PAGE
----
Added by Chris Machens on January 18, 2015
Widespread seafloor gas release from the seabed offshore the West Yamal Peninsula, suggests that permafrost has degraded more significantly than previously thought. Gas is released in an area of at least 7500 km2 in water depths >20 m.(1)
Tromsø, Norway: Centre for Arctic Gas Hydrate (CAGE): It was previously proposed that the permafrost in the Kara Sea, and other Arctic areas, extends to water depths up to 100 meters, creating a seal that gas cannot bypass. Portnov and colleagues have found that the West Yamal shelf is leaking, profoundly, at depths much shallower than that.
Significant amount of gas is leaking at depths between 20 and 50 meters. This suggests that a continuous permafrost seal is much smaller than proposed. Close to the shore the permafrost seal may be few hundred meters thick, but tapers off towards 20 meters water depth. And it is fragile.
Evolution of permafrost
Portnov used mathematical models to map the evolution of the permafrost, and thus calculated its degradation since the end of the last ice age. The evolution of permafrost gives indication to what may happen to it in the future.
Basically the permafrost is thawing from two sides. The interior of the Earth is warming the permafrost from the bottom up, called geothermal heat flux – an ongoing process. Thus, if the bottom ocean temperature is −0,5°C, the maximal possible permafrost thickness would likely take 9000 years to thaw. But if water temperature increases, the process would go much faster, because the thawing would also happen from the top down.
“If the temperature of the oceans increases by two degrees as suggested by some reports, it will accelerate the thawing to the extreme. A warming climate could lead to an explosive gas release from the shallow areas.”(2)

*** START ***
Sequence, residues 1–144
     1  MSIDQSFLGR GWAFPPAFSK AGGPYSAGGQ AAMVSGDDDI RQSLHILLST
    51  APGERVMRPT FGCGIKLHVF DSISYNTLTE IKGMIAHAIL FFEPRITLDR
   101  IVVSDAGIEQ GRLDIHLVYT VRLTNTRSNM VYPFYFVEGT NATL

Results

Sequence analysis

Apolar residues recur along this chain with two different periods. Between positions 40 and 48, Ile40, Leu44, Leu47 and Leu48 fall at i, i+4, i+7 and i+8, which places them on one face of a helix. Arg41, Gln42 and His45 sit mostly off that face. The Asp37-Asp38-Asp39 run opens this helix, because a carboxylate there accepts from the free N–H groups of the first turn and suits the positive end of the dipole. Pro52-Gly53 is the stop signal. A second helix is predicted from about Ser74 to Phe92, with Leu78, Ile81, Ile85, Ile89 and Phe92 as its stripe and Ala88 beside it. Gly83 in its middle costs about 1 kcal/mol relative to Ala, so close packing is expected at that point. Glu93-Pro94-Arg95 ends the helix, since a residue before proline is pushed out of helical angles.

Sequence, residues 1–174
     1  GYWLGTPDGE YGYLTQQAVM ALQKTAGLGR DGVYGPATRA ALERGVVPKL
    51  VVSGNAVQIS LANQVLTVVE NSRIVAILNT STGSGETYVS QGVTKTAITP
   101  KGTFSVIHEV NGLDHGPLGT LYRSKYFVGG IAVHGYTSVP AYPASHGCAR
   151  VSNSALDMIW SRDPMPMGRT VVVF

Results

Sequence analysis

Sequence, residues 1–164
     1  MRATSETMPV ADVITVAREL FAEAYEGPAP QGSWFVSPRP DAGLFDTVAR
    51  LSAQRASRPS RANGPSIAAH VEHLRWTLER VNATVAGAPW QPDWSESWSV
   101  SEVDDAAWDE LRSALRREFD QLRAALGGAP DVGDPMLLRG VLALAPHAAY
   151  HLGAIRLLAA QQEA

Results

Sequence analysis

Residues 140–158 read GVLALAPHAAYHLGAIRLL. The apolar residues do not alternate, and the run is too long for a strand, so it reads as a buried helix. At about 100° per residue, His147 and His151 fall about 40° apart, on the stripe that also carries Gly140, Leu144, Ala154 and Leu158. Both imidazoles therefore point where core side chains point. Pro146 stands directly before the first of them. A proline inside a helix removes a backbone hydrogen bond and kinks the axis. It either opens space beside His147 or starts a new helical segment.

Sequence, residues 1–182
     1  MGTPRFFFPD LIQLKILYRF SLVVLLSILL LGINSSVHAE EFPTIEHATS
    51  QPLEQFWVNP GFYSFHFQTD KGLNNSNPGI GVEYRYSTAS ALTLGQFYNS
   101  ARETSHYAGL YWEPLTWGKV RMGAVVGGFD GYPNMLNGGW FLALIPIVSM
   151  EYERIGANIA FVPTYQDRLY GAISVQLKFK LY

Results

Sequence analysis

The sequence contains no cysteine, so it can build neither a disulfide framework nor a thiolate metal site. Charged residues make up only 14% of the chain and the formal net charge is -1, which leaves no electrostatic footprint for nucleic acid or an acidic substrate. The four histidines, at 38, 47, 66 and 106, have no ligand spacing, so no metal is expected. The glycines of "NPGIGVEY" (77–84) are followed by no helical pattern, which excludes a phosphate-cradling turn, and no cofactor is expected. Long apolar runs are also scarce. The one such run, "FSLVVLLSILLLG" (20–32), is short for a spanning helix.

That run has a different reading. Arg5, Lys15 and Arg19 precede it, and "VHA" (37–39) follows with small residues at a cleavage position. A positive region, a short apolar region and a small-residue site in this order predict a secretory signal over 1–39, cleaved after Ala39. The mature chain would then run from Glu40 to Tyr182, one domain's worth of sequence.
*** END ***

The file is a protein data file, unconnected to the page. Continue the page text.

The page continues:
Another study based on a coupled climate–carbon cycle model (GCM) assessed a 1000-fold (from <1 to 1000 ppmv) methane increase – within a single pulse, from methane hydrates (based on carbon amount estimates for the PETM, with ~2000 GtC), and concluded it would increase atmospheric temperatures above >6°C within 80 years. Further, carbon stored in the land biosphere would decrease by >25%, suggesting a critical situation for ecosystems and farming, especially in the tropics.(3)
Though, in reality it is reasonable to assume that larger methane spikes will be in the 1-2 digit Gt ball park, which are still considerable amounts. The PETM, 55 mil years ago, is marked by several larger spikes. Even if there aren’t larger spikes, the current deglaciation in the northern hemisphere will considerably contribute – increase the current atmospheric carbon budget. Hence, it is vital to reduce emissions now, to slow or even reverse processes before things get out of control.
An Arctic methane worst-case scenario http://www.realclimate.org/index.php/archives/2012/01/an-arctic-methane-worst-case-scenario/
An online model of methane in the atmosphere http://www.realclimate.org/index.php/archives/2012/01/an-online-model-of-methane-in-the-atmosphere/
Methane gas release from ocean might have led to AirAsia flight crash, expert speculates http://timesofindia.indiatimes.com/india/Methane-gas-release-from-ocean-might-have-led-to-AirAsia-flight-crash-expert-speculates/articleshow/45913234.cms